CKE Restaurants CEO Andy Puzder told the Wall Street Journal in 2013, “California is not interested in having businesses grow.”
The article points out that many factors, including local building regulations, make one community less desirable than another for businesses.
For example, it takes 60 days in Texas, 63 in Shanghai, and 125 in Novosibirsk, Russia for one of CKE’s restaurants to get a building permit after signing a lease. But in Los Angeles, Ca. it takes a whopping 285 days.
Puzder added, “I can open up a restaurant faster on Karl Marx Prospect in Siberia than on Carl Karcher Boulevard in California.” The street in California is ironically named for the restaurant chain’s founder.
California’s labor regulations may also play a role in a company’s desire to seek alternative locations. In that same interview with WSJ, Puzder said his company had spent $20 million in the state over the past eight years on damages and attorney fees related to class-action lawsuits.
(Hat tip: Pension Tsunami.)
While the rest of the country was tuned into The Trump Show playing before the Black Gate, Friedrichs vs. California, a plucky little court case with the power to unmake the Democratic Party, has finally reached Mount Doom.
In brief, public school teachers in California seek to invalidate state law requiring that non-union members must nevertheless pay the public teachers union fees for collective bargaining and related expenses. Those related expenses are fairly broad and include public relations campaigns on issues to be collectively bargained.
Overturning existing law altogether is much more difficult under the related principles of stare decisis and deference to precedent. But that’s what the Friedrichs Plaintiffs are looking for, and if they succeed the new rule – banning compelled contributions to any public union activity at all – would apply to every public union in the United States.
Compelled union dues are heart and muscle of the Democratic Party, since unions dominate the top Democratic political donors list. As Scott Walker demonstrated, give workers the chance to keep their own money and they flee unions in droves.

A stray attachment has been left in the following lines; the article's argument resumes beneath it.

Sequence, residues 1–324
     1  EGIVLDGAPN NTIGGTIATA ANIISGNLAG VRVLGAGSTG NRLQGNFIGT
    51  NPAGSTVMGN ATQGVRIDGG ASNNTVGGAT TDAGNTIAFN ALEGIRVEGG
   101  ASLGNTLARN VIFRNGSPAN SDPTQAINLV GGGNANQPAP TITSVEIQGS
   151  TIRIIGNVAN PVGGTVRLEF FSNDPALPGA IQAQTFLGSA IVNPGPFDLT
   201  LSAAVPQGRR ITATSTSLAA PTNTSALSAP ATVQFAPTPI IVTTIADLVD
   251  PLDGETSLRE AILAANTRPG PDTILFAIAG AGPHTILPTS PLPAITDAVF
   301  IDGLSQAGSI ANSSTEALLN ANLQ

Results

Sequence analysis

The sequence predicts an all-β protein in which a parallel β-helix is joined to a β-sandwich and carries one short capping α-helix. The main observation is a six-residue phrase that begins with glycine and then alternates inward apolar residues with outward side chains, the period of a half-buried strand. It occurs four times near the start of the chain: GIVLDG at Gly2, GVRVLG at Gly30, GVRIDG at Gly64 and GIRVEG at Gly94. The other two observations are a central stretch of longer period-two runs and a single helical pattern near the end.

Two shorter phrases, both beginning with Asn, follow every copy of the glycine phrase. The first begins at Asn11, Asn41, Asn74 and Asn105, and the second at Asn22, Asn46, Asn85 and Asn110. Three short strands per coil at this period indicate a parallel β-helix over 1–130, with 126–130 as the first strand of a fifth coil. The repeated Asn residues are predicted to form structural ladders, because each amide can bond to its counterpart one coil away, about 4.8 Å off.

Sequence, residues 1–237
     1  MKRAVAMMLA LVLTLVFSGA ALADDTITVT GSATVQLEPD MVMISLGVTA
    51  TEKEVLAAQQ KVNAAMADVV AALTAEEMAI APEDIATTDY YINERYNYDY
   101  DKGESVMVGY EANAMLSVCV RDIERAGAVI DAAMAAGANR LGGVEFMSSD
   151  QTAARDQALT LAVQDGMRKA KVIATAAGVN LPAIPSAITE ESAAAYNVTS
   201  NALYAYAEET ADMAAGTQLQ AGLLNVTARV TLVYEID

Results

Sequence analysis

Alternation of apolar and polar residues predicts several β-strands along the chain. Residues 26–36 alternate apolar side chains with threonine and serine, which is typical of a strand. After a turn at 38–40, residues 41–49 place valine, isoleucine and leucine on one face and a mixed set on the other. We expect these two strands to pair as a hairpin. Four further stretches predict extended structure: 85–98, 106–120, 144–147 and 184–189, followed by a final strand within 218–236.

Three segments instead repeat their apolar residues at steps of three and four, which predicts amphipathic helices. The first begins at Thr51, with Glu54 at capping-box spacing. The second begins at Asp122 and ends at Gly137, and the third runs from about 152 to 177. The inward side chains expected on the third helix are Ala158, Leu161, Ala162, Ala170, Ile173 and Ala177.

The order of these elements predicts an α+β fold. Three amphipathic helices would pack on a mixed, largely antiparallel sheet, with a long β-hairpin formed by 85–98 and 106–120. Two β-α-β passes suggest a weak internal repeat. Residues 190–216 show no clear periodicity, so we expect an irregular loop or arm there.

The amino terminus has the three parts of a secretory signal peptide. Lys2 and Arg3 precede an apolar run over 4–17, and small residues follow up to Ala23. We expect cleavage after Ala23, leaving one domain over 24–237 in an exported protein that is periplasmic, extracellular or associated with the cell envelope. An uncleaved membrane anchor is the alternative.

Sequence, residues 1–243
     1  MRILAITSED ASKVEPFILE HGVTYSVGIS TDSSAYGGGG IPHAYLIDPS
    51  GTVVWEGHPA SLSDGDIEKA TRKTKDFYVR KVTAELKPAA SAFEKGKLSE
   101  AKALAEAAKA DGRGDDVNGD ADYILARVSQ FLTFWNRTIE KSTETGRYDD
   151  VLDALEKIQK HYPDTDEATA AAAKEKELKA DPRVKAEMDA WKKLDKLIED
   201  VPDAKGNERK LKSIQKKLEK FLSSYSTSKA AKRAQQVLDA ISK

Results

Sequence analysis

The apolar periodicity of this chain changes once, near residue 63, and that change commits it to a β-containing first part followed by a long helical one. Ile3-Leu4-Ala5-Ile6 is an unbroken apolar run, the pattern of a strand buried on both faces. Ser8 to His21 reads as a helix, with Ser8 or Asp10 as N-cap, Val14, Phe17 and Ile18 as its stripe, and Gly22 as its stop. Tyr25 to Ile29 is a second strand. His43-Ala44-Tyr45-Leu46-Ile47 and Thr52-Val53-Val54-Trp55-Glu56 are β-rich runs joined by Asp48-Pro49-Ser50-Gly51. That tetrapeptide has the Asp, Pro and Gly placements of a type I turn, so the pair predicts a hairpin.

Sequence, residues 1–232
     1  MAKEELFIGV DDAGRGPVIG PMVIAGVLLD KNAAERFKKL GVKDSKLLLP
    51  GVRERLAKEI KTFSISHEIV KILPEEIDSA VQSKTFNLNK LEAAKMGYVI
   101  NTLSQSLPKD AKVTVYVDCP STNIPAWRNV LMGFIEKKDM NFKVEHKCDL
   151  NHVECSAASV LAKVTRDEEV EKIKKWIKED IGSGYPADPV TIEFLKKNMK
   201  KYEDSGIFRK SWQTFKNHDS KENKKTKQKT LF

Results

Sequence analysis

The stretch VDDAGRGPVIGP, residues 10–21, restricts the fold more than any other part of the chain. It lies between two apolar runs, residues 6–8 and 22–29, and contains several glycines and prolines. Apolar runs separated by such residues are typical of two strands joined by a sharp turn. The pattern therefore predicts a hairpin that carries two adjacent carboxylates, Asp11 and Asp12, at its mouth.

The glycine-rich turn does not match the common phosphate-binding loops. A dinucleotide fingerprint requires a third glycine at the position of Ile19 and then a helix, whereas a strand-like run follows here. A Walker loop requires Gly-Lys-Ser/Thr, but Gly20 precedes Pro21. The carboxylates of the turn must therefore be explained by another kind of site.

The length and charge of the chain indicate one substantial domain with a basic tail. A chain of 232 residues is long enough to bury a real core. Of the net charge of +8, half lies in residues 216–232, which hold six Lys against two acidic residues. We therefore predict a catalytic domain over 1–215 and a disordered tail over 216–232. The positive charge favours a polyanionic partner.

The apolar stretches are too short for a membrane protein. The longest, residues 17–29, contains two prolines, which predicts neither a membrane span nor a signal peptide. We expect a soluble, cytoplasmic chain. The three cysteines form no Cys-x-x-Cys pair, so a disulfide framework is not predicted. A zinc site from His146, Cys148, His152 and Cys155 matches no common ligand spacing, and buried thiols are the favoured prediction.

According the Legal Insurrection, oral arguments have been going extremely badly for unions. “The teachers [the anti-union side] seem to have at least five votes and likely seven. Depending how the decision is written the Court could even reach a unanimous decision holding that compelled contributions to public unions are unconstitutional.”
Without the iron group of unions, not only is the Democratic Party critically weakened, but a host of previously difficult reforms (public pension reform, school choice) suddenly become possible.
And there’s likely nothing Sauron can do about it…
(Metaphor blatantly stolen from Walter Russell Mead.)
Been a while since I did a Texas vs. California update, due to Reasons, so here’s one:
While all the numbers are constantly in flux, in 2014-15, the California Public Employees’ Retirement System saw its status fall from 76.3 percent funded to 73.3 percent, likely due to the fact that investment returns fell far below expectations. The long-neglected California State Teachers’ Retirement System, as of June 30, 2014, was 69 percent funded. Combined, the systems report unfunded pension promises of more than $160 billion.